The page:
FO>guy who is selling it is asking 10500. I think this is a pretty good deal,
FO>but I was wondering what some others, particularly those who really now
FO>fords, think about this deal. Please give me your opinion it will help me
Sounds like a horse with a mean eye to me, I wouldn't touch it. Find a
truck without all the tinsel and mod it the way YOU want it. It is very
easy to buy serious problems (sometimes almost unfixable problems) with
a deal like this. The price seems high, too, but I am a cheapskate.
Just my 2 cents.
Date: Sun, 22 Mar 1998 13:16:40 -0500
From: Ken Payne
Subject: Re: Check Engine Light
At 01:18 AM 3/22/98 -0800, you wrote:
>Hi, I was driving today, when my check engine light came on in my 96 F-150
>it is a 5.0 with auto trans. Well this happened about three months ago,
>so I took it to the dealer, found out a hose came of the EGR valve. When
>I got home I checked, sure enough a tube came off the EGR valve, so I
>re-attached it. I started my truck, but the light is still on. Do you
>think it is another problem, or do I have to clear the codes in the
>computer, and if so how? Any help would be appreciated.
I heard that it has to be restarted and driven 5-6 times to reset
emissions warnings on the computer.
Date: Sun, 22 Mar 1998 20:19:21 EST
Subject: Re: Re: carphones & PA's
theres a company with a web page that sells those it called Wolo the web
address is something like www.wolo-msg.com but I'm not sure
Date: Sun, 22 Mar 1998 20:17:01 -0600
From: Jim Cannon
Subject: RE: Gauge trouble 87' F-150
How do you know the oil pressure sender is good? Not easy to test... how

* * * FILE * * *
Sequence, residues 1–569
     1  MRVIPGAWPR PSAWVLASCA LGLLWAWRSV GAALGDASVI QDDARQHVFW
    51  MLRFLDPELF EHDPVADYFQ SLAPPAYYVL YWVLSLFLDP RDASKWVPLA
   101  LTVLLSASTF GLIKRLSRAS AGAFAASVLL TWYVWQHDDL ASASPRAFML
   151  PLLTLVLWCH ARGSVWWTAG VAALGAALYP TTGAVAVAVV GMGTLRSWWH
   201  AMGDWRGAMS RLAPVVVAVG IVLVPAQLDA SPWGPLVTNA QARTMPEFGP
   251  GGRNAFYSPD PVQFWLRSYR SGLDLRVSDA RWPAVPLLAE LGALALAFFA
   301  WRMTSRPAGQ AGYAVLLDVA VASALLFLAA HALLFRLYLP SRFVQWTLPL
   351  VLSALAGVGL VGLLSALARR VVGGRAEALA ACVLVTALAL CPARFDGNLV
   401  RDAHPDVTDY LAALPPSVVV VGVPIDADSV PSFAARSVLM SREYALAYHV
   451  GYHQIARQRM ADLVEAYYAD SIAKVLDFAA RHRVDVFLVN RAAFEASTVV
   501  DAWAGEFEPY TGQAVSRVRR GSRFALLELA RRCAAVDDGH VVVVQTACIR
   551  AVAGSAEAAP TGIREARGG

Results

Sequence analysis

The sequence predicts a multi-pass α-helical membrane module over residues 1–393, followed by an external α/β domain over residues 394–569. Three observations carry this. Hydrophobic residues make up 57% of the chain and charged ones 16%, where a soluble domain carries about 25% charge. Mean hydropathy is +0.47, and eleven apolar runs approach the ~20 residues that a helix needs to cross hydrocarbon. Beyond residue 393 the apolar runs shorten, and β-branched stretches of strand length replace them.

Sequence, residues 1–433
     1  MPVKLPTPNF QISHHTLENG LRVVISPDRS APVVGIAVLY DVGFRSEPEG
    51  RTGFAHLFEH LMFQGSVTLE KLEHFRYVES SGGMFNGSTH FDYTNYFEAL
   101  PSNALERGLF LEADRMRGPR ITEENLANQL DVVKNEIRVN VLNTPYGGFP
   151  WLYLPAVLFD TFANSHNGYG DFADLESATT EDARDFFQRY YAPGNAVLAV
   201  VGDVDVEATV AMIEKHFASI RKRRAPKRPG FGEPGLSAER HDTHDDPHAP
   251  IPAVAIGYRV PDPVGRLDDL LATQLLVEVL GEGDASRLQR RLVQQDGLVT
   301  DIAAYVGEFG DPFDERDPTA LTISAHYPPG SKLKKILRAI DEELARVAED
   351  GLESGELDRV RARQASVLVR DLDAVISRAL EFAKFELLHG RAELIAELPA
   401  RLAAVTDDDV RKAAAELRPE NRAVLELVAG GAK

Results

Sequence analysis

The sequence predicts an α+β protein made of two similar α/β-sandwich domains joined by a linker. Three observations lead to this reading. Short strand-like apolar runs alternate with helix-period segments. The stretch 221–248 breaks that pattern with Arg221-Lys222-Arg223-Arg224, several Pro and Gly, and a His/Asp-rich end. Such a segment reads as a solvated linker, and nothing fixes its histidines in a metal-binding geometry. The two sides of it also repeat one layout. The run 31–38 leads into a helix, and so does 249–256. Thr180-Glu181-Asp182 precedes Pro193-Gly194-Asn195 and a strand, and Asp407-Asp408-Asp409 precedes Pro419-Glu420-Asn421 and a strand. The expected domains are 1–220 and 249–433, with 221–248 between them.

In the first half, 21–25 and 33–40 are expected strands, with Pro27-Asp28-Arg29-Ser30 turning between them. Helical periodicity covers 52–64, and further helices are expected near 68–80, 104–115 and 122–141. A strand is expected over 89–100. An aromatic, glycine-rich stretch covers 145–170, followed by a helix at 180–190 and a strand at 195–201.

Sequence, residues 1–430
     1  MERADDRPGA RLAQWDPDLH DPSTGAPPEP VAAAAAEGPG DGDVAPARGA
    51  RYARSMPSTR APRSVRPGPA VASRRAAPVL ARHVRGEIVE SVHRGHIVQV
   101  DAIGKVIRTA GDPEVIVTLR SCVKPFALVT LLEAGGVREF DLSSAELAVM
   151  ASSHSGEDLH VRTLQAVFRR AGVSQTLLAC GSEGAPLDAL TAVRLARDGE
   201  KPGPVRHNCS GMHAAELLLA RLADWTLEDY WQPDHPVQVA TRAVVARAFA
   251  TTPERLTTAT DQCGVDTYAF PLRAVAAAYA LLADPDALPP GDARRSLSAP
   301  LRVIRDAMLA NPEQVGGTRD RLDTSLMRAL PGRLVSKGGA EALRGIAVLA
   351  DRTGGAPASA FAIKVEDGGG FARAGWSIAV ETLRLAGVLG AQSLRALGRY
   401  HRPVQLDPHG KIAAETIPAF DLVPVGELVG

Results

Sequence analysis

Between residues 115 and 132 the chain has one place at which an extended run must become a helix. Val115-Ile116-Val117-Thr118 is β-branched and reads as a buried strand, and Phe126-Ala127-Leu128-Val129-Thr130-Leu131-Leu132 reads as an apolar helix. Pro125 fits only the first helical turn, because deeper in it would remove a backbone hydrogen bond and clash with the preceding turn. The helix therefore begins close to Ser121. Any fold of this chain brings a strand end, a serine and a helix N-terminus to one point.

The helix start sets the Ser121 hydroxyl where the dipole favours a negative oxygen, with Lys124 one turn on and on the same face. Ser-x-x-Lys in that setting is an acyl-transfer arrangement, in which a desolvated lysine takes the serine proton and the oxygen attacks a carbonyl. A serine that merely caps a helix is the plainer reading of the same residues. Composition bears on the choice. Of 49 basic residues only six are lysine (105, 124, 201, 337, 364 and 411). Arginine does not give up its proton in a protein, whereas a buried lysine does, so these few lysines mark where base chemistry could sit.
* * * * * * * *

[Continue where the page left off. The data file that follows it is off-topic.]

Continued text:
did you do it? Does the truck have a temperature guage? If so, how does
it behave? The three (oil, temp, fuel) work as a set.
The instruments DO run on 5 VDC. Don't hit them with 12 V or you will
fry them or the senders.
There is a voltage regulator on the back of the instument panel (called
IVR) just for the guages. It gives you the 5V. It may be bad. The wires
into the back of the panel are also a good place to look. (Someone else
Your symptoms sound like an "open" to the oil pressure guage somewhere
between sender and guage or IVR and guage. Pull the wire off of the oil
sender and see if you can read any voltage at it. (Do not "spark it" to
ground; that will fry the IVR.) If not, do the same to temp guage sender
wire. If no voltage, probably a burned out IVR (get one at a bone yard
for $1 or 2; don't pay retail at the dealer) or no power to the IVR.
BTW, the IVR is adjustable, so if you get one at a yard and your guages
read too low or too high, you can tweak it up or down to where it shold
I don't know what's going on with the fuel guage. Maybe putting 12 V on
the guages somehow damaged the IVR. The fuel guage worked at first, even
when the oil guage died?
The cheesey plastic printed circuits on the back of the instrument
panels go bad sometimes. I would not pay $100 for the panel at the "auto
recycling center". Too much (IMHO).
You can test any guage by replacing sender in circuit with 10 ohm (1
Watt minimum) resistor. Guage should read at max with that. Use 73 ohms
for test at Min. I have a lot of experience with these guages. I can
help you sort out the problems.
Can anyone help, last year the oil gauge on my 87' F-150 (single fuel
tank) slowly died, now it always shows 0 psi, the sender and pressure =